To forgive or forget college debt relief?

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The recent announcement from the Biden Administration concerning a proposed Student Debt Relief Plan has sparked significant controversy.

While some emphasize personal responsibility when it comes to taking care of student loans, others point to the sheer scale of student debt in the country as an impossibility for many to handle on their own.

Information from the U.S. Department of Education released in the weeks following the announcement has helped provide a greater understanding of how the debt relief plan would actually affect those who need it.

Relief is targeted at low- and middle-income families, with eligibility for loans being determined on income. Individuals with an income less than $125,000 and households with an income below $250,000 are eligible for relief.

Recipients of the Federal Pell Grant – typically awarded to low- or moderate-income undergraduate students – are eligible for up to $20,000 in federal loan forgiveness while non-Pell Grant recipients can receive up to $10,000 in relief.

Those looking to learn more about the relief plan can visit studentaid.gov.

Locally, debate continues on the efficacy and potential impact of the proposed relief plan.

McKendree University President Daniel Dobbins said McKendree has been able to keep its student debt lower than other private schools with loan amounts comparable to nearby public universities.

He remarked that Biden’s proposal is “certainly a double-edged sword and is far from perfect.”

Dobbins added that most McKendree students are able to repay their loans, though some struggle to meet debt obligations.

Dobbins also said other approaches to address the problem of student loan debt might prove more effective.

“Increasing Pell and other need-based aid for existing and future students and lowering the interest rate on those loans would allow more students to find ways to attend and complete college, providing them a path and options for long-term success,” Dobbins said. “These are areas not addressed by the Loan Forgiveness Executive Order.”

Local college graduates also weighed in on the potential impact of the proposed federal loan forgiveness program.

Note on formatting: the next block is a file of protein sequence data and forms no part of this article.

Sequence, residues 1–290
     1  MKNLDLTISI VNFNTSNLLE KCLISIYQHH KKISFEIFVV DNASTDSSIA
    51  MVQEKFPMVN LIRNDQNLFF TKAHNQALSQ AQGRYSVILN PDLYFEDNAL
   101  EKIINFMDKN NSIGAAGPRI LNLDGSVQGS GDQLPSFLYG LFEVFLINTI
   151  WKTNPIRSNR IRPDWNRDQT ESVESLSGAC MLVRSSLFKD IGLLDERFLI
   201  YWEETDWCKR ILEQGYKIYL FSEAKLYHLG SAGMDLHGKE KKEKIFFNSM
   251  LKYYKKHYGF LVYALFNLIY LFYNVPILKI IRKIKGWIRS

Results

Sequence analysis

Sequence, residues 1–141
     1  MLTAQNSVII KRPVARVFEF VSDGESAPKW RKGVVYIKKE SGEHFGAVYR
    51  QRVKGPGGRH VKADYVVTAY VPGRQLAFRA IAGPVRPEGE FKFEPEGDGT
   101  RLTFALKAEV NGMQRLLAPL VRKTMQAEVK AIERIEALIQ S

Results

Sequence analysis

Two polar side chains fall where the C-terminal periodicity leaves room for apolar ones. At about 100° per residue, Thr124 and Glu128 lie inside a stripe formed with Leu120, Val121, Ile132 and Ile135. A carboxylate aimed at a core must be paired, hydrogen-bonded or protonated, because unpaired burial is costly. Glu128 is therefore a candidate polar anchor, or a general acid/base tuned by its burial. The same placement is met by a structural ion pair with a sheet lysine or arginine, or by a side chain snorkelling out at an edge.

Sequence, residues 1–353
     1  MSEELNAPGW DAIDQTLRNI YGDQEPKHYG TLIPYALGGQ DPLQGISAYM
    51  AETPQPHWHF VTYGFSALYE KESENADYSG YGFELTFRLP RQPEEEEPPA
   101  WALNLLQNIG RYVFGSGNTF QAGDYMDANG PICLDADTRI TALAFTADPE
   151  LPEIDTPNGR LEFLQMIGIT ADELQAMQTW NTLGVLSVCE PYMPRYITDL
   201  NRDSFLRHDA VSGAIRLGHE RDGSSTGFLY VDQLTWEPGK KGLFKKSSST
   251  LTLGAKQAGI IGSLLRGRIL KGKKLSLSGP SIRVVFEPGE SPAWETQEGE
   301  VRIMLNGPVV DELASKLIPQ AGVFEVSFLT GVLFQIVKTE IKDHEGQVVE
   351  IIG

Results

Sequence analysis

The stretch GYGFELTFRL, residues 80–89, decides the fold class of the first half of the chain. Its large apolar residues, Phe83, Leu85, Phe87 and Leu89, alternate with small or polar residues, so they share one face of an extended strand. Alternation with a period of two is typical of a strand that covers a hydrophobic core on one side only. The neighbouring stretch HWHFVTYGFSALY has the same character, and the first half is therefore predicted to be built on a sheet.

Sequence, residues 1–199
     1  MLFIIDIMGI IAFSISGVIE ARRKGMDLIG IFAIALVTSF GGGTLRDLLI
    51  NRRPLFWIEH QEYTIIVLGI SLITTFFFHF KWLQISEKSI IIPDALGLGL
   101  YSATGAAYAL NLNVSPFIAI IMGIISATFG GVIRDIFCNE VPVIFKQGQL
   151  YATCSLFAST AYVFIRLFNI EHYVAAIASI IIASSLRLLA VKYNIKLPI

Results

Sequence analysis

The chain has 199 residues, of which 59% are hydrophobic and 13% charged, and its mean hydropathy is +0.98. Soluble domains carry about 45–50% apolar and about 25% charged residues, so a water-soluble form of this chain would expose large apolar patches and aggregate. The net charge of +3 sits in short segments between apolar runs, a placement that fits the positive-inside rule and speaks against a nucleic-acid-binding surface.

One graduate from McKendree and Washington University who asked to remain anonymous said the interest resulting from their $88,000 loan has caused problems for them.

Currently working as an occupational therapist, this local resident said they will likely pay around $160,000 dollars in the end – an inevitability given their career demands the masters degree they worked for.

“I have paid off the entire dollar amount in my loan but with the interest that accrues on the loans I still have $46,000 to pay off,” they wrote. “I have not missed a payment since I started paying, nor have I deferred my payments except for the federal deferment. It’s upsetting to see people who feel that we are not making our financial contributions or aren’t paying for the college we went to.”

Another local who asked to remain anonymous graduated from Saint Louis University and currently owes $87,000 in loans.

This resident said they went against their school’s advice and stopped filling out their FAFSA application later in their college career. They have been making income-based payments for several years, but said they will likely be paying on the loan for the rest of their life.

“When I signed up I was led to believe by the (school) counselors that I would make a much better wage once I had a degree to help with the payback,” they wrote. “I was young when I started and was misled that I should take out student loans, etc. I didn’t realize how quickly it would get out of hand, and I realized I would never be able to pay all this back.”

U.S. Representative Mike Bost (R-Murphysboro) also weighed in on the President Biden’s relief plan shortly after it was announced.

“I appreciate that many young people and their families are struggling with the burden of student loan debt. But there are many hardworking Americans who attended a trade school, work in the service industry, run a small business, or stayed home to raise a family who are struggling too,” Bost said in a statement. “It is unfair to make them shoulder the cost for those who decided to attend college. We must continue working to find solutions that make college more affordable and accessible, but President Biden’s plan is nothing more than a taxpayer giveaway to score political points.”

Applications for the relief plan are currently expected to be made available by early October, with applications accepted at studentaid.gov until Dec. 31, 2023.

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